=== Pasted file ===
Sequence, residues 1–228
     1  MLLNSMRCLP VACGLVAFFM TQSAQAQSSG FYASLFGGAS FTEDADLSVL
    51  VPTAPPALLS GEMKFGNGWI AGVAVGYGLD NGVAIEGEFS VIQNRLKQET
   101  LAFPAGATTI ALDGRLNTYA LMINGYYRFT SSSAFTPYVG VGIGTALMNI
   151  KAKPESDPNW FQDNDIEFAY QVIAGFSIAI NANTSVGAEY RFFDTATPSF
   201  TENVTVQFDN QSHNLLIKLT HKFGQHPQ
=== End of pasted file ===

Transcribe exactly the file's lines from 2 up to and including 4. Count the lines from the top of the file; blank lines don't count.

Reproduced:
     1  MLLNSMRCLP VACGLVAFFM TQSAQAQSSG FYASLFGGAS FTEDADLSVL
    51  VPTAPPALLS GEMKFGNGWI AGVAVGYGLD NGVAIEGEFS VIQNRLKQET
   101  LAFPAGATTI ALDGRLNTYA LMINGYYRFT SSSAFTPYVG VGIGTALMNI